A lawn mower is an essential tool to maintain the health of a lawn. For it to maintain the lawn in tip top condition a lawn mower must have a "healthy" sharp cutting blade. If the blade has nicks in it or is blunt, more likely than not it will take longer to mow the lawn, and the end result may look ragged, "scalped" in some places and plain unhealthy in others.
Most people overlook their lawn mower's blade. A cutting blade should be inspected for nicks on a regular basis, and sharpened at least once a year.
Lawn mower blade sharpening doesn't have to mean taking it too the Garden centre or service centre and paying someone to suck through their teeth, and then charge a king's ransom for fifteen minutes work. It can all be done at home.
Blade sharpening, along with cleaning of vents on lawn mowers etc, should be part of a wintertime maintenance programme. Making sure that lawnmowers and other garden tools are in peak condition for summer.
There are two ways of approaching blade sharpening. One is to remove the blade from the mower altogether sharpen it using a bench grinder and other tools; this is ideal for those of us who have a fully kitted out workshop, but for most people this is just not possible. The other way is to sharpen the blade without removing it from the machine.
To start with the following things are needed: a pair of safety goggles or glasses, a pair of stout gardening gloves, a hand file or anglegrinder with a "metal" disc, or an electric drill chucked with a whetstone attachment, a wire brush, scraper, very coarse sand or emery paper.
Remove any petrol the petrol tank, and take the cap off the spark plug in the case of a petrol engine mower. Remove batteries or ensure the machine's power cord is disconnected in the case of electric lawn mowers. Then turn the mower onto its side so that the blade is in view and readily accessible. If possible try to wedge the blade so that it is immovable.
Three things to note about a lawn mower blade are that there are two cutting edges, one on leading edge and the other on the other leading edge. The cutting edges do not run the entire length of the leading edge but are ususlly confined to the outer third of it. Finally, the angle to sharpen is on the surface nearest the engine.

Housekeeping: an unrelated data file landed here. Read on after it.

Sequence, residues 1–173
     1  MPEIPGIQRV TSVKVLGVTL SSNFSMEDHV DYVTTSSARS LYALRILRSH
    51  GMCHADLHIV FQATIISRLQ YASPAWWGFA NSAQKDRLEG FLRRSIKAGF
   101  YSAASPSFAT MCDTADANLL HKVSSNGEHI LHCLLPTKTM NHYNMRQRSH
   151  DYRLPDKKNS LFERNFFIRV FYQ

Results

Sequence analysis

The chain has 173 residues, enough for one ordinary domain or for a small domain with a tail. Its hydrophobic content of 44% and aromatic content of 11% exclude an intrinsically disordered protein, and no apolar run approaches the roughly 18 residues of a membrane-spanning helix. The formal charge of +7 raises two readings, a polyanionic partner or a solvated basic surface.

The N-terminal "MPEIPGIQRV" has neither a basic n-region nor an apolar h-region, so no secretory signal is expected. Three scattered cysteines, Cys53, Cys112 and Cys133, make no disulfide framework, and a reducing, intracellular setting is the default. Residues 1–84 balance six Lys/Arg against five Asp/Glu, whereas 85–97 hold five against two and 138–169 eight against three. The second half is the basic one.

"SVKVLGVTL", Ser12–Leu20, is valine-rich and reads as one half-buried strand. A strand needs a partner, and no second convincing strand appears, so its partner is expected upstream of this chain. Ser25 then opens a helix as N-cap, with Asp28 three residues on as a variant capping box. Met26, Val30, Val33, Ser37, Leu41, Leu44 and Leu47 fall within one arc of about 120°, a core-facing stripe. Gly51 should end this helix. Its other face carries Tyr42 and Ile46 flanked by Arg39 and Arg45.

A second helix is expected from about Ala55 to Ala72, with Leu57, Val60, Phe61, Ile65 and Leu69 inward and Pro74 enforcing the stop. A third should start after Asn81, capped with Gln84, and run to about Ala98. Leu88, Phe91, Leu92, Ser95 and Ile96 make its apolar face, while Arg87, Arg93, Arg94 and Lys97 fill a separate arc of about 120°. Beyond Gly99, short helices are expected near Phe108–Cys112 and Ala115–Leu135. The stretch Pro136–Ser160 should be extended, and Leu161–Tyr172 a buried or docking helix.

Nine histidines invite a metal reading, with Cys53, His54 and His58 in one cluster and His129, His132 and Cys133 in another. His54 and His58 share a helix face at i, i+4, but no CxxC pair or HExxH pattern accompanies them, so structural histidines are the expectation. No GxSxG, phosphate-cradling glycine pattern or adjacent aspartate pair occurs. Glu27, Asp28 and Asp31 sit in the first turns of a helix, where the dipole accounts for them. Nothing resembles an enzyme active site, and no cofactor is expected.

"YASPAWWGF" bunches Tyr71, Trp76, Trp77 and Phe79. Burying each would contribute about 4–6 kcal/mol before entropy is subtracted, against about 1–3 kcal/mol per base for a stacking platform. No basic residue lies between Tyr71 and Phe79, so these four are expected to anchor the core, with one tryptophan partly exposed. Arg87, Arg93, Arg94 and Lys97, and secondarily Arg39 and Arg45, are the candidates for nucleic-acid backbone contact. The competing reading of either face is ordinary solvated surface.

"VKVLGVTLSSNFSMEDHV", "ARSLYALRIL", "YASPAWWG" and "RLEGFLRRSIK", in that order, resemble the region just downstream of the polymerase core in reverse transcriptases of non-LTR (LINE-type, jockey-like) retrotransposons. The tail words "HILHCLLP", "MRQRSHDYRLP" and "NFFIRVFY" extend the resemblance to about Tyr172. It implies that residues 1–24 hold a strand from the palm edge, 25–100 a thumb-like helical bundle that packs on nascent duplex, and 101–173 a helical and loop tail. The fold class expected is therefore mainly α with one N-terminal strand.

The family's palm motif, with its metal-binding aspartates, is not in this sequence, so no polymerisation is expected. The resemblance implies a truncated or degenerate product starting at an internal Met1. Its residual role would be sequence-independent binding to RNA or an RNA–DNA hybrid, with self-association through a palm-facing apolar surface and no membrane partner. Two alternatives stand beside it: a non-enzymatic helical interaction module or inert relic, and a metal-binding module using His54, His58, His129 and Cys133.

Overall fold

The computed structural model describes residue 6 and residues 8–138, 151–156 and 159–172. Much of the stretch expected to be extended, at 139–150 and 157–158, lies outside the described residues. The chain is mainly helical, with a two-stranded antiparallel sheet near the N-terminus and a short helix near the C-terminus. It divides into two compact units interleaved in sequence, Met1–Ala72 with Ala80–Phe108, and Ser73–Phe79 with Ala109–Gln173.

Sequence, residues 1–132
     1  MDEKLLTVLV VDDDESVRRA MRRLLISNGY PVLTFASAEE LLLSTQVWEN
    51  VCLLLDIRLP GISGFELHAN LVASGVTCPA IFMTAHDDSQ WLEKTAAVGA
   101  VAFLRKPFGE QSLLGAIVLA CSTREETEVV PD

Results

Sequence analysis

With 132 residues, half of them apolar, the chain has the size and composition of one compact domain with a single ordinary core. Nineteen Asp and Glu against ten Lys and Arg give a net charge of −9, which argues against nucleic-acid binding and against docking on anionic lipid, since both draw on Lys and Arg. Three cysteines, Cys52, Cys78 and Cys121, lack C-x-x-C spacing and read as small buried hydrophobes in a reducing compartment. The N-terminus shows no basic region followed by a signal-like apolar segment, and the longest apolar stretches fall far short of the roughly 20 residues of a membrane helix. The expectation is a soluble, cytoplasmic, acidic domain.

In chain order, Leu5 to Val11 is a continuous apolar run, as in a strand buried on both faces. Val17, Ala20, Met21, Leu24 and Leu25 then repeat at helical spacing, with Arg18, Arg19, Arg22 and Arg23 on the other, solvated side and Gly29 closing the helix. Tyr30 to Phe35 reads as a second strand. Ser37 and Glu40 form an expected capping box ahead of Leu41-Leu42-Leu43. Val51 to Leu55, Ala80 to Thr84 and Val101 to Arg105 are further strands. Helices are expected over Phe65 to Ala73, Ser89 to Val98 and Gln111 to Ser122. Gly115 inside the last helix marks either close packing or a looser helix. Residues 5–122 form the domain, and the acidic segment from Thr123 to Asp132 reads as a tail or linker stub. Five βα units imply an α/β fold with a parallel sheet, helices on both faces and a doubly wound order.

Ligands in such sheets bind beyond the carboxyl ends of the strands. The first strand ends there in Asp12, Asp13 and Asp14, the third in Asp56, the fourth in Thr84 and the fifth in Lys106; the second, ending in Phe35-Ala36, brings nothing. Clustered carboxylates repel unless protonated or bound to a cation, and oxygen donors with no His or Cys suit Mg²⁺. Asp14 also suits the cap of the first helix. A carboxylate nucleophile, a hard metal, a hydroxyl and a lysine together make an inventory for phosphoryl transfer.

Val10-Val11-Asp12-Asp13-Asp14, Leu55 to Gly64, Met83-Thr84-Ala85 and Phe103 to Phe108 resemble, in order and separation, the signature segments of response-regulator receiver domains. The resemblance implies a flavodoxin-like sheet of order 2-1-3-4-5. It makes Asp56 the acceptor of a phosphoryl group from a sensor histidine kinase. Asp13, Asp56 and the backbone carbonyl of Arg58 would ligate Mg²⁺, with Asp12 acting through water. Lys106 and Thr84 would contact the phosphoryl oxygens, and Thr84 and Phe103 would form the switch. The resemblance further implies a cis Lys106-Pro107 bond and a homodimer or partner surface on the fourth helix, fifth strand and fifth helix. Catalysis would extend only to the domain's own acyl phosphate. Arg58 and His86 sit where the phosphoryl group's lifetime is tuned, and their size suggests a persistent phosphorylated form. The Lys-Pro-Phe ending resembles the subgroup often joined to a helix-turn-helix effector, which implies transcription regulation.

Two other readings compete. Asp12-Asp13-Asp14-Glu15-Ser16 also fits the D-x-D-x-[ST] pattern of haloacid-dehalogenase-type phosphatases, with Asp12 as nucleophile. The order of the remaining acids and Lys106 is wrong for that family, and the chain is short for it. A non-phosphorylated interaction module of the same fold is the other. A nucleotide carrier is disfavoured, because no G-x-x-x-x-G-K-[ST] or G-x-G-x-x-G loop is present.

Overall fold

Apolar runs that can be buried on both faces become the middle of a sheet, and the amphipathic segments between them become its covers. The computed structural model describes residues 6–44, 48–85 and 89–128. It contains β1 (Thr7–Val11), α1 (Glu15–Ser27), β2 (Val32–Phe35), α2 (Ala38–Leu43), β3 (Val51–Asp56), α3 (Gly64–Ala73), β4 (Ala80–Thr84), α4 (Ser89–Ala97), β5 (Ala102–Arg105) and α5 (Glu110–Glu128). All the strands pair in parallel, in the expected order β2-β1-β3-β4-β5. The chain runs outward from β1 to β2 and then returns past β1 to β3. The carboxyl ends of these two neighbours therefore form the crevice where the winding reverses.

Taking the wire brush and scraper, thoroughly remove as much caked on dirt, grime and grass off the blade as possible. This not only cleans up the blade but cuts sharpening time as well.
Once the blade has been cleaned up, start looking for and noting any nicks along both cutting edges. If using a hand file, slowly file at 45° all the way along the cutting edge, always use filing strokes away and never make a return stroke. Keep filing until there is a uniform slope on the entire length of the cutting edge of 45° making sure that any nicks or uneveness have been filed out. Once satisfied that there is a sharp smooth angled cutting edge of 45°, move onto the opposing cutting edge and do exactly the same.
Once both cutting edges are done to a satisfactory standard take the emery or coarse sand paper and rub down the flat side of the cutting edges to smooth away any swaff, taking care not to blunt the cutting edge.
Sharpening the blade will take a bit of time but the level of sharpness of the blade will be very high. This method of sharpening is oddly therapeutic too!
If using an anglegrinder, the proceedure is exactly the same as the hand filing option but invariabley quicker, perhaps taking less than fifteen minutes to grind the edges to a sharp finish. However, while it may be quicker, it is also much easier to make a mistake and blunt the cutting edges in a matter of seconds! Again, finish off by rubbing down the cutting edges with coarse emery paper to give a smooth finish.
The third option for sharpening is by using a pwer drill chucked with a whetstone attachement. The whetstone method lies between the anglegrinder and hand file for time taken. The whetstone must be dunked in water before starting. Very much in the same way as the anglegrinder, run the whetstone at 45° on the cutting angle, ensuring that each sweep is consistent. This method is more forgiving than the anglegrinder option. Once done, finish off with a rubbing down using the emery paper.
The mower blades are again sharp and ready for summer. Please note that while the blade can be sharpened without removing it from the mower, there is now way of checking if the newly sharpened blade is balanced, and this could lead to long term damage to the lawn mower.